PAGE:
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Re: Global BGP - 2001-06-23 - Vendor X's statement...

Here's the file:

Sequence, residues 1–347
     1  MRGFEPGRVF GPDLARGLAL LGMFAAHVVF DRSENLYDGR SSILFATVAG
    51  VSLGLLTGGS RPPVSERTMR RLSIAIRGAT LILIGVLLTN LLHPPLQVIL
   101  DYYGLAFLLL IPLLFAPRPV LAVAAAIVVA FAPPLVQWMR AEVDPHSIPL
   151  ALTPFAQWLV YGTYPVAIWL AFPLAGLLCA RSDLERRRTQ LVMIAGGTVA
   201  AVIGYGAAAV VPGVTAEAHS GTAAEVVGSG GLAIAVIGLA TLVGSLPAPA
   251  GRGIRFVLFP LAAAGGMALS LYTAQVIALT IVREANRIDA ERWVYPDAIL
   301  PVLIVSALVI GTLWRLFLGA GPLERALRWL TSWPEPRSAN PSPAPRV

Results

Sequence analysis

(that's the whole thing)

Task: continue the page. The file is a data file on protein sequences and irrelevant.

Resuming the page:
> On Tue, 26 June 2001, "Chance Whaley" wrote: > > How would you like Vendor X to liberally handle the situation? There is > > a point when being too liberal causes issue - like this one. The idea is > > that if the original peer followed the spec it would of been contained > > at the source and this would of never happened. Where is the line? > > Something about GIGO comes to mind. > > I would prefer implementations (not vendors) reject the one router which > they don't like, and accept the other 100,000+ routes in the global Internet > without flapping BGP sessions. > > Killing 100,000 routes because you don't like one seems a bit excessive. But an invalid route should never be received. If it is, something is fundamentally wrong. It's not like, say, a CRC or Checksum error, which indicated that a packet got corrupted. That's a normal occurance and dropping the packet (and then moving on) is the right thing to do. But when we're talking about malformed BGP advertisements, we know with a high degree of certainty that the sender is broken. We don't know how broken, nor do we know the details of the brokenness, but we know that it's broken. So our options are: (1) Reject the one bogus route, accept everything else, thereby assuming that the brokenness extends only to that one route. (2) Send a NOTIFY, drop everything, because we don't want to be accepting routes from a known-to-be-broken route. (It is important to note that we don't know that the other, non-malformed, routes are good. We only know that they aren't malformed. They may or may not actually be valid.) Given that we're talking about the routing information for the core of the Internet, the most reasonable thing to do seems to be (2): Discard Everything. After all, we *know* that the stuff being discarded is coming from a broken router ... we just don't know how broken that it is. Why gamble with the backbone by assuming that "hey, it's broken, but the brokenness doesn't extend to sending wrong but correctly formed advertisements". (Whether or not discarding everything, then bring the session right back up, downloading routes, eventually getting to themalformed one, and repeating the process is a good idea is a different question.) Do I wish my dual-homed routers would accept everything else and just ignore the bad route. Sure. But even if the "everything else" is crap, it's not going to get beyond the edge of my network, because I'm not a big provider and I have no BGP anywhere except the edge, and I don't pass what I receive via BGP beyond my network (i.e. I only advertise my routes). Do I think UUnet should propogate decent-looking routes that it got from a known-to-be-broken neighbor and pass then through its core and on to it's peers and BGP-connected transit customers? Probably not. The penalty for passing on a bogus information is too high. "Be conservative in what you accept" might suggest that the session should be kept up and the one bad advertisement be discarded, but "Be conservative in what you send" would tend to argue for never, under any ciscumstances, passing on routes that you received from a known-to-be-broken router. And, of course, there's the lack of data issue. There have been at least three signifigant outages that were the result of BGP flappage caused by malformed AS paths. In three cases, it is generally believed that the Internet would have been better off had the BGP sessions stayed up and just hte one malformed advertisement been discarded. Should we therefore change the protocol? We don't know, because we don't know how many times the "if it sends someting bogus, assume it's seriosuly broken and discard everything" rule has saved the Internet from a signifigant outage. At a minimum, if we're going to change the RFC based on the notion that "single malformed advertisements from otherwise functional routers" are signifigantly more prevalant that "routers that advertise a bunch of crap, some of which is correctly formed", we should at least have some data suggesting that it is in fact more prevalant. (We should also consider the consequences of getting this one wrong.) -- Brett